The 11 advisors were handpicked for the program. “Middlebury College has a superb track record when it comes to alumni success in the entertainment industry,” Uricaru said, “so we first reached out to them. We had a lot of support from Shawn Ryan, one of our prominent alumni, and we ended up with a nice balance — about half of the advisors were Middlebury alumni and half were from the larger entertainment industry community.”
Uricaru drew inspiration for the Script Lab from similar labs that she had attended as an emerging screenwriter herself: the Berlinale Script Station in Berlin, the Sundance Screenwriting and Directing labs in Utah, and the Torino Film Lab in Italy.
From her experience, she understood how to create a program during which the six fellows would make qualitative progress on their scripts, network with the other fellows and advisors, and be immersed in an environment that closely represents the world of professional screenwriting.
But the Script Lab had one marked difference from other national screenwriting programs: Middlebury College students. Uricaru’s January-term class overlapped with the Script Lab during the week that it was held, allowing her students to attend the workshops and classes, and begin to understand film in a professional setting.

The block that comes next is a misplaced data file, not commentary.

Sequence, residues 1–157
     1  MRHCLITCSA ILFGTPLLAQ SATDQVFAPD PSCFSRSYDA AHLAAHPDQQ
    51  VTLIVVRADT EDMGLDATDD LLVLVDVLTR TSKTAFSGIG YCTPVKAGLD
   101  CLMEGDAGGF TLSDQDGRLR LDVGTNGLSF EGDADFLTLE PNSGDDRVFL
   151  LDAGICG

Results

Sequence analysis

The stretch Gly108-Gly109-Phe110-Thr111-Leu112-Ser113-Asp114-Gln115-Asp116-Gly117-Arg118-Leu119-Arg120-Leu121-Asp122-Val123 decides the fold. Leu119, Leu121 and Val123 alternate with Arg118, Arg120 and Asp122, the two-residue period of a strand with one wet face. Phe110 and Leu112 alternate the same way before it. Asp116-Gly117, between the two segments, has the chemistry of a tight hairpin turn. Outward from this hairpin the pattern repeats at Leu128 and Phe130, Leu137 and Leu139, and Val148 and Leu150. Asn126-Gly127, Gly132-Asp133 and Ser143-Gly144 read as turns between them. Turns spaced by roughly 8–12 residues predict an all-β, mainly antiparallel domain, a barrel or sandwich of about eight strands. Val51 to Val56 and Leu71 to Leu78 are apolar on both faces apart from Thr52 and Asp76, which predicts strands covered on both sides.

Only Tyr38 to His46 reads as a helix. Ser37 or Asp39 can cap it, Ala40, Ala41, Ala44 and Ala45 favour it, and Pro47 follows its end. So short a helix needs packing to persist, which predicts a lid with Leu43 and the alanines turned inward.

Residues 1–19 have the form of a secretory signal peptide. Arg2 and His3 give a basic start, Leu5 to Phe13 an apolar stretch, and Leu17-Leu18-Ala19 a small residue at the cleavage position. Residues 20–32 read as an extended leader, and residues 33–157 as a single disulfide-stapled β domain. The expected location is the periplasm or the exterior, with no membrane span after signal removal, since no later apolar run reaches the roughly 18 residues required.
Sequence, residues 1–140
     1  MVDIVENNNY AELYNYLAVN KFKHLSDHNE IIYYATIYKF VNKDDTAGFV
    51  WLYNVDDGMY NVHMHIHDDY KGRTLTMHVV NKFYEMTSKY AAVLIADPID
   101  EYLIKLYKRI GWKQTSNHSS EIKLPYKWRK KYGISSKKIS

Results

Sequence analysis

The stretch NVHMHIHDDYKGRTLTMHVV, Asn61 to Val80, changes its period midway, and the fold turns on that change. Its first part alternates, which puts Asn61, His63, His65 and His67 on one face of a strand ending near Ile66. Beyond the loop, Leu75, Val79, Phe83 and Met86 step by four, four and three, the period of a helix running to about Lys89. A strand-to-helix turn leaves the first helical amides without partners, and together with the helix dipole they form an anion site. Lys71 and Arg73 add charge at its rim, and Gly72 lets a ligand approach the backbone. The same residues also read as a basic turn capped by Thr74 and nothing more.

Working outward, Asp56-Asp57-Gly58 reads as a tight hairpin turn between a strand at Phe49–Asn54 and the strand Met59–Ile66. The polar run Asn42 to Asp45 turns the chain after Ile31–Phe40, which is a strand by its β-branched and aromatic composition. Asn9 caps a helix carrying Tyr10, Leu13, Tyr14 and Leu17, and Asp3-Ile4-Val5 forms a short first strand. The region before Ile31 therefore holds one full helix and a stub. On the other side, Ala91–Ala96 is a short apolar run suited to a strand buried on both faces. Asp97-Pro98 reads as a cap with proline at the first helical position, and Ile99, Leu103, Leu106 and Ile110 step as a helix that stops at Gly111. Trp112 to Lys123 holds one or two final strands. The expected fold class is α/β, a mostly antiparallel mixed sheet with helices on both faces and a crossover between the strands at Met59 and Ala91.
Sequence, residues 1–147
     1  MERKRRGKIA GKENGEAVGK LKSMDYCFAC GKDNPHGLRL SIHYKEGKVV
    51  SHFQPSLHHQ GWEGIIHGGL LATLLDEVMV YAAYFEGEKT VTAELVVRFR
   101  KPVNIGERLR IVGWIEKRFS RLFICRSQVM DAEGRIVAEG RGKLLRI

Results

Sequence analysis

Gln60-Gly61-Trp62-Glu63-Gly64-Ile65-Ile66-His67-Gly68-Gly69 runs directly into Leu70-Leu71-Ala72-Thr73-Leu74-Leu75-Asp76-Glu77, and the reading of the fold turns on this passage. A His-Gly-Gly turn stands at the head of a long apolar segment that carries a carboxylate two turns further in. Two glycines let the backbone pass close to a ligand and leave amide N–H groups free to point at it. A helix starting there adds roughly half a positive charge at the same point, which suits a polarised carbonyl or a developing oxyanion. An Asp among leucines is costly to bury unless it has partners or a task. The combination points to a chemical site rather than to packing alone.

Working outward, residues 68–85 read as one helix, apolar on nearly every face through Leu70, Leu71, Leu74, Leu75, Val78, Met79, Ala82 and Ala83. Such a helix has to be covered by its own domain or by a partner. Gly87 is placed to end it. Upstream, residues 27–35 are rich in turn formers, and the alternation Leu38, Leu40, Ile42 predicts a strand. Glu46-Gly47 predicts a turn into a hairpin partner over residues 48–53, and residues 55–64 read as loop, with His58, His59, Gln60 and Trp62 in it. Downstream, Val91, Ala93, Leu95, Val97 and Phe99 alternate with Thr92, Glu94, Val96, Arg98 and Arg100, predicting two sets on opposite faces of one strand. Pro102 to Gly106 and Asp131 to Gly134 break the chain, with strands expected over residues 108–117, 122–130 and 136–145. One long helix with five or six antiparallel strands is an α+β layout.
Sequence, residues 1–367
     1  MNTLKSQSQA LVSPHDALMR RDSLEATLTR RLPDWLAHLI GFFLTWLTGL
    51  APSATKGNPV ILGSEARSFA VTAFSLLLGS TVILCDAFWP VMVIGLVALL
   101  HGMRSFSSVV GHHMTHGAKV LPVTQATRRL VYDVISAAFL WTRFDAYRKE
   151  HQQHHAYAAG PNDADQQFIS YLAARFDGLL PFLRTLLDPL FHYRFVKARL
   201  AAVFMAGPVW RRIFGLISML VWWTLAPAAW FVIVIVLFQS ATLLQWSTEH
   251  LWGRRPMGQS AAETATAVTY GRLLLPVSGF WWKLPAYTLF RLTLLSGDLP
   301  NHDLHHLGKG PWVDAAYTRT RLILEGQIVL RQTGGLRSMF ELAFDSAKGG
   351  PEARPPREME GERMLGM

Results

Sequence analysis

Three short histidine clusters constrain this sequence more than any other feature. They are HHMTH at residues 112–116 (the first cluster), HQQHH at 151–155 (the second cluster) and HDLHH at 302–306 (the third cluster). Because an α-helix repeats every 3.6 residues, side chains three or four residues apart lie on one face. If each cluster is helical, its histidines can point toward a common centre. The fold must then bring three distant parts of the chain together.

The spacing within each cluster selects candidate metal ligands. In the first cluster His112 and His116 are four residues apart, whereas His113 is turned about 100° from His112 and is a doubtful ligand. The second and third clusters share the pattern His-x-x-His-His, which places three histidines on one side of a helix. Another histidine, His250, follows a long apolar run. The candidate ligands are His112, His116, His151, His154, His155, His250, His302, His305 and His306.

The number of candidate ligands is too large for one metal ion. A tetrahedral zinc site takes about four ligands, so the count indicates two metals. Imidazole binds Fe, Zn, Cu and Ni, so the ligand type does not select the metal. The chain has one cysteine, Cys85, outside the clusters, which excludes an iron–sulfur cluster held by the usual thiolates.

“It’s been cool, because we don’t always get the business side of things [in class], or the nitty-gritty of how to write a screen play” said senior film major Sierra Jackson. “We’ve been able to get information that even our peers in our department aren’t getting.”
Though Uricaru’s role at the Lab was more organizational than instructional, her presence still inspired the fellows. Her films, including “Tales from A Golden Age” (2009), “Stopover” (2010), “The Witness” (2012), and “Lemonade” (2018), have been screened at Cannes, Sundance, AFI and Berlin film festivals, as well as on Netflix, Amazon and several TV stations. At the final dinner, the six fellows gathered at the front of the hall, presenting Uricaru with a bouquet of flowers and several bottles of wine.
“We just wanted to say how grateful we are for Ioana,” one fellow said. “We came in for a short time, and she’s created this really safe and welcoming environment for all of us.”
Uricaru said she’s trying to bring the Script Lab back again in the near future.
“I’ll work hard and do my best to find funding for the next edition,” she said. “I know that all the advisors want to come back and more want to join us, and the people at Middlebury and Bread Loaf who helped making it are on board and ready to do it again. Fingers crossed!” Advisers, students and fellows who participated in the Middlebury Script Lab at Bread Loaf pose for a photo at the week-long event’s concluding reception on Jan. 17. The Lab, in its pilot year, allowed six emerging screenwriters an opportunity to workshop their scripts with advisers who are established in the field. Chosen from a nation-wide pool of 160 applications, fellows included: Emma Piper-Burkett (second row, third from right), Myra Paci (first row, second from left), Jingjing Tian (first row, third from left), Christopher DeWan (second row, fourth from right), Barry Dorsey (back row, third from right) and David Seamans, a Middlebury alumnus (second row, fifth from right).
Photo courtesy of Gail Borden